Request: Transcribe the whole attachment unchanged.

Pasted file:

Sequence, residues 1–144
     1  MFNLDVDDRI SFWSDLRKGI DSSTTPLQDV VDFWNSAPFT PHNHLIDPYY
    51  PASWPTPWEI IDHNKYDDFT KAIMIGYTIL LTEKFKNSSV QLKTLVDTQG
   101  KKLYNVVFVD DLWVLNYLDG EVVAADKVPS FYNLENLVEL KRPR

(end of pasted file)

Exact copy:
Sequence, residues 1–144
     1  MFNLDVDDRI SFWSDLRKGI DSSTTPLQDV VDFWNSAPFT PHNHLIDPYY
    51  PASWPTPWEI IDHNKYDDFT KAIMIGYTIL LTEKFKNSSV QLKTLVDTQG
   101  KKLYNVVFVD DLWVLNYLDG EVVAADKVPS FYNLENLVEL KRPR